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Scope of Ufology

In the first half, futurist Paul Guercio and physicist Dr. George Hart, who run the Merlin Project, which tracks trends for current events, prominent business people, politicians and celebrities, discussed their latest predictive timetraks, created through their software-based forecasting technology.

In the latter half, crime reporter and sports writer for nearly 35 years for the Toronto Star, Bob Mitchell, spoke about harrowing stories of alien abduction and visitation, including encounters with Greys, Mantids, and other entities.

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Scope of Ufology

Show Archive
Date: Saturday - September 15, 2012
Host: John B. Wells
Guests: Bret Lueder, Edward Farhi

Joining John B. Wells, ufologist Bret Lueder discussed his new book of facts, figures, people, and places that make up the scope of modern ufology. A UFO Hunter's Guide encapsulates the entire field of ufology and was produced to help ordinary people make sense of the UFO phenomenon, Lueder explained, noting how the government will likely continue its campaign of misinformation. "Our skies are rife with activity and it's really going to be up to the common person, I think, to bring the answers to the public," he said. Lueder shared his own experiences at James Gilliland's famous UFO ranch in 2006, where he personally witnessed dozens of aerial objects including a giant iridescent-colored rectangular craft hovering near Mt. Adams. Gilliland would flash a signal light toward the objects and the objects appeared to react to the light and signal back, he revealed. It is clear that what people are seeing are not conventional aircraft, rockets, or satellites, but genuine UFOs, Lueder added.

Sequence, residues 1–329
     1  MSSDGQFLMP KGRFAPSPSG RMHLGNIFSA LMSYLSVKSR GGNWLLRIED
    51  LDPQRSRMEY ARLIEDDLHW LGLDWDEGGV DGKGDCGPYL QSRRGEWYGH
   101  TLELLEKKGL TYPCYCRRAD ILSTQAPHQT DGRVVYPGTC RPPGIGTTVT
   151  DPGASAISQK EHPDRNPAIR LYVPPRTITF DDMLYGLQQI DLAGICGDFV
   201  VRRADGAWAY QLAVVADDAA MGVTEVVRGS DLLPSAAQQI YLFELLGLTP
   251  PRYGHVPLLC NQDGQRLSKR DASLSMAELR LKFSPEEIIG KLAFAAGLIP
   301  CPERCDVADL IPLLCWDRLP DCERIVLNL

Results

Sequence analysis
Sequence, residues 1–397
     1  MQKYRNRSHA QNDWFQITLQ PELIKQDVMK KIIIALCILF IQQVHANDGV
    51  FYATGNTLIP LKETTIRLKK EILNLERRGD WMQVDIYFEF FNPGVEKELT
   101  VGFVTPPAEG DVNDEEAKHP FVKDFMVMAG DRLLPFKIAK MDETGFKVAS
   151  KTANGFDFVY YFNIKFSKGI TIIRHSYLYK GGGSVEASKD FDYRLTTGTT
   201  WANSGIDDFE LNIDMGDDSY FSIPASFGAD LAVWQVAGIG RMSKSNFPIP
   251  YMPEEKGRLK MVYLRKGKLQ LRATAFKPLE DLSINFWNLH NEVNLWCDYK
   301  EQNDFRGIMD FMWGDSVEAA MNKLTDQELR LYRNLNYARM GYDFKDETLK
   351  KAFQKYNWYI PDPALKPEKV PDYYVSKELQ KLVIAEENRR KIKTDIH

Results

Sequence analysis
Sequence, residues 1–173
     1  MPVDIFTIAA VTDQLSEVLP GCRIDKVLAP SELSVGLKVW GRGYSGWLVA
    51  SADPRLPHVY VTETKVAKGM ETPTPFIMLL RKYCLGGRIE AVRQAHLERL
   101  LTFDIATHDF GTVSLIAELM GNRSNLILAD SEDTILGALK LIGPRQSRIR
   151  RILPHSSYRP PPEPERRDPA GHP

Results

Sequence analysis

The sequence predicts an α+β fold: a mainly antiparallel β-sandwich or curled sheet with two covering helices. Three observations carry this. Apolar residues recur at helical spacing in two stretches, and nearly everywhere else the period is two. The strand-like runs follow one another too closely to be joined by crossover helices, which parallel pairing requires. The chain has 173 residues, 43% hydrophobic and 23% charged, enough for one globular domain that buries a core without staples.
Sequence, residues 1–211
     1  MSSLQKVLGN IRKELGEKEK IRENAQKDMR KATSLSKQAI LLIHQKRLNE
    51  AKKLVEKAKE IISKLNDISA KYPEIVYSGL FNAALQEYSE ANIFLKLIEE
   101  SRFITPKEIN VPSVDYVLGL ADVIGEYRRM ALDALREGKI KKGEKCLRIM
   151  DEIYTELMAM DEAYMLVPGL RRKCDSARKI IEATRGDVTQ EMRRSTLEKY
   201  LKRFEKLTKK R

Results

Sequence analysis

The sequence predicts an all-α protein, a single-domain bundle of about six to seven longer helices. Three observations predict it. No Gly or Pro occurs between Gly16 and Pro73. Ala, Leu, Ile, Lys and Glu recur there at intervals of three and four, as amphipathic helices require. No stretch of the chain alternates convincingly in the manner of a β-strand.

Time Travel Science

Appearing in the first hour and part of the second, MIT physicist Edward Farhi commented on the science of time travel, such as depicted in the upcoming sci-fi movie, Looper. In the new film, people can travel back and forth through time. According to Farhi, a kind of forward time travel is theoretically possible based on the relative nature of the flow of time. The rate at which a clock runs depends on how fast it is moving, he explained, noting how the effect becomes dramatic at close to the speed of light. A person traveling a near light speed for a year would return to find a hundred years have passed, Farhi added. This would be a one-way trip as the known laws of physics prevent traveling backwards in time, he continued. A time machine capable of travel into the past would require half the mass of the universe to operate and once it was switched on would terminate the universe before the journey could begin, he revealed.

News segment guest David Seaman provided an update on National Defense Authorization Act.

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